Uncertainty about the market clearing price of the offering as well as analysis of the market reactions to the initial announcement are unlikely to provide productive recommendations. Therefore, Smith claims that this leads to separate pricing, contractual and management issues. If securities are underpriced then both informed and uniformed investors will submit bids and full subscription is more likely. Conversely, if overpriced the informed investors will not submit bids and the issue will be undersubscribed.

Additionally, Smith asserts that the greater the uncertainty about the after-market price of an IPO, the more attractive best efforts contracts are to investors as overpriced offerings would be more likely to cancelled altogether if sales fall short of the contractual minimum. Finally, if a Green Shoe option is included in the contractual arrangement between the firm and the investment bank, Smith affirms that there less likelihood for the investor that the issue would be overpriced since the option would be taken after the investment bank’s due diligence – another implicit guarantee.

Critical Evaluation There are certain elements that must be reviewed in greater scope given the age of the academic piece. Smith’s findings and recommendations were geared toward, and therefore can only be applied to developed markets. The operating assumption of the paper is that firms have the choice of what instruments to employ when raising capital, which carries latent within it, the opportunity for insider information. However, when a firm’s financing alternatives are limited, the market participants may not perceive the announcement of a stock offering as a negative signal.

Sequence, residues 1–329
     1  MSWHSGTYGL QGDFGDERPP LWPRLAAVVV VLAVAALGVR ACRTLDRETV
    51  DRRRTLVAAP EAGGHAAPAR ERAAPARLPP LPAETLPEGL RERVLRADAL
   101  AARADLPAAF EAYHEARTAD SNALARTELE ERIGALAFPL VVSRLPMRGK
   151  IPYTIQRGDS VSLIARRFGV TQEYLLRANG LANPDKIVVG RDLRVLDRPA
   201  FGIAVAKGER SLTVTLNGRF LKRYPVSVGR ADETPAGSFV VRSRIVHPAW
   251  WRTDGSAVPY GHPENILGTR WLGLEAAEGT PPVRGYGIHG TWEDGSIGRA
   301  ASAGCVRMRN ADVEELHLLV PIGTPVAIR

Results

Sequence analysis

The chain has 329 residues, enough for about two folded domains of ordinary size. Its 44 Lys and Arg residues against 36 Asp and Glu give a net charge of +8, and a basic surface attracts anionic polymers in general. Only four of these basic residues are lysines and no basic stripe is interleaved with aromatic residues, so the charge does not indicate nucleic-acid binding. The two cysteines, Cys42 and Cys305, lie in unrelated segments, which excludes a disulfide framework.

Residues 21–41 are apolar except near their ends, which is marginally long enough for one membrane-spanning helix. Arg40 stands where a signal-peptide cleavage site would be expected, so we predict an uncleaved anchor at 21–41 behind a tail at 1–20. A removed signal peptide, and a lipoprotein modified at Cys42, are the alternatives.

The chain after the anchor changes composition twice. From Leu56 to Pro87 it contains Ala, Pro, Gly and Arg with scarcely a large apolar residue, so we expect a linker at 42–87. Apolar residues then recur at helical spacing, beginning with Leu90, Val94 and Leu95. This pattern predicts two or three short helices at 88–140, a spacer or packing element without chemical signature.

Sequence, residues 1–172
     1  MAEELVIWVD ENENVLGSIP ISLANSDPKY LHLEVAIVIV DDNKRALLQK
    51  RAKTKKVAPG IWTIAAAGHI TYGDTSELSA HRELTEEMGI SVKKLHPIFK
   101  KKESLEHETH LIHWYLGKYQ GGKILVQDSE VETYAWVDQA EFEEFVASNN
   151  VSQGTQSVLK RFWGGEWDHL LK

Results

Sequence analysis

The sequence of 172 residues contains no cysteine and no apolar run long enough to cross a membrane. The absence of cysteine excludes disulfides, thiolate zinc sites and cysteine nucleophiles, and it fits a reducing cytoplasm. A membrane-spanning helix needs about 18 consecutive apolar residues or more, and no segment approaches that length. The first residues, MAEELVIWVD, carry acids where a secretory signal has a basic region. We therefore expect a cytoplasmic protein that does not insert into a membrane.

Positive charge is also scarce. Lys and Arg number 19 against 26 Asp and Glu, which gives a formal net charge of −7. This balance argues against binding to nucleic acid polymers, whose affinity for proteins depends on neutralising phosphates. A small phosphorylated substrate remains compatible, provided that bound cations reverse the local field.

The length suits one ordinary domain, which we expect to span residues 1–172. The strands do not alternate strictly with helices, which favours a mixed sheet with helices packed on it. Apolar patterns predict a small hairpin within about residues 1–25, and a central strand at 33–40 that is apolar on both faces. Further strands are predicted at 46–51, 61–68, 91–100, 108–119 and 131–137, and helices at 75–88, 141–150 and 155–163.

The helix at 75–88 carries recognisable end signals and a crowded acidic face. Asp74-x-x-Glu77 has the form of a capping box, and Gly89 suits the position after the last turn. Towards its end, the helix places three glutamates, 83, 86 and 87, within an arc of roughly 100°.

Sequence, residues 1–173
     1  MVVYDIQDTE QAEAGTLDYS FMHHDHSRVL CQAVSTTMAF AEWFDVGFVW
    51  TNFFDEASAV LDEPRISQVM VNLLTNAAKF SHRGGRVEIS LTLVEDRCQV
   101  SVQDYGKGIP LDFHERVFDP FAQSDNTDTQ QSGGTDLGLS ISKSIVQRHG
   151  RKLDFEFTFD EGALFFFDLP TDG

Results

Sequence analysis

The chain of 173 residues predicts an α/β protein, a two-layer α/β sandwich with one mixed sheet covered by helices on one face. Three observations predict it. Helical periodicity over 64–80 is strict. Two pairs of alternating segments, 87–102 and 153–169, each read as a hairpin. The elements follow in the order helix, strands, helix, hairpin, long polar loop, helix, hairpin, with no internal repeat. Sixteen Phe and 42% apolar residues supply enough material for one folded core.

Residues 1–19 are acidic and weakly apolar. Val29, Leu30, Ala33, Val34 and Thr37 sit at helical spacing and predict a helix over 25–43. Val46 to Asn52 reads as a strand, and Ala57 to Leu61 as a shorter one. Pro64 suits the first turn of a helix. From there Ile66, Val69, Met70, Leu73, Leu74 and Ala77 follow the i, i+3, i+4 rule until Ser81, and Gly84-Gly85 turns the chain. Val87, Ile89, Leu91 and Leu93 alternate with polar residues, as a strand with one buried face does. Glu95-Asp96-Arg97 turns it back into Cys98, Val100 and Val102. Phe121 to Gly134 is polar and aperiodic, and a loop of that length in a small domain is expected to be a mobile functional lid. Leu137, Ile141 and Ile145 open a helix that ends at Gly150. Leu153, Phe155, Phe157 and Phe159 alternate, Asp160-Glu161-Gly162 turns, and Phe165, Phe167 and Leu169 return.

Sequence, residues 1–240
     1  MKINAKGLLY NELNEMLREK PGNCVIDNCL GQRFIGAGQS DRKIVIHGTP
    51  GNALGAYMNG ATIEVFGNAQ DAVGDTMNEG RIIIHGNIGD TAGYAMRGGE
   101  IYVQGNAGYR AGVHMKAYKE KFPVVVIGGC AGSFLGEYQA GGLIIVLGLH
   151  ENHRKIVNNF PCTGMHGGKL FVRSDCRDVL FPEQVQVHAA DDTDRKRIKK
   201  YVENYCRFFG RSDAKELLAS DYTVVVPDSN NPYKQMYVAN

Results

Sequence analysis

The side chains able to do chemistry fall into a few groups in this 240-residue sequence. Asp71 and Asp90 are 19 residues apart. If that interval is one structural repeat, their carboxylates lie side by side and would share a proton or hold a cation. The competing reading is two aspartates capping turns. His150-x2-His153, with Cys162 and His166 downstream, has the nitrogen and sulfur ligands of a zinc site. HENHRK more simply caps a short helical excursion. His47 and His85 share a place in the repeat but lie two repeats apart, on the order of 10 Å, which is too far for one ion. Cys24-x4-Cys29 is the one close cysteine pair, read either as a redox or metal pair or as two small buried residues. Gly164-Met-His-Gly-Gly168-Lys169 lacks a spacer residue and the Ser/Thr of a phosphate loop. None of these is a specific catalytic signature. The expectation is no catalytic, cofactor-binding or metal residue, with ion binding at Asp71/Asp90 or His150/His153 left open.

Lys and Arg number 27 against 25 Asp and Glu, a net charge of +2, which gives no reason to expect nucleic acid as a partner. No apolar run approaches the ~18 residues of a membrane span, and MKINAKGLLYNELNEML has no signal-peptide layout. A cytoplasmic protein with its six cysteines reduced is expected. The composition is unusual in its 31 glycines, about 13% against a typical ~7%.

In developing economies alternative sources of capital are usually limited, and therefore, analysis of market reaction to stock offering announcements in such economies may yield results different from those in developed economies. In those markets where investors as a whole may not be as informed, sophistication and rational judgments cannot always be assumed. Therefore, further research would need to be carried out to assess stock price reactions to announcements of security offerings in other markets before concluding upon universal applicability.

It is also worth mentioning that significant value is generally created by what is on the left side of the balance sheet. In other words, Smith’s research outcomes could have been different if the announcement on the stock market was that of an investment program and not that of a common stock offer announcement. Given that management in many firms may not have understood this subtlety, the average abnormal returns could have shown slightly different readings had the announcements been categorized by left-side or right-side balance sheet.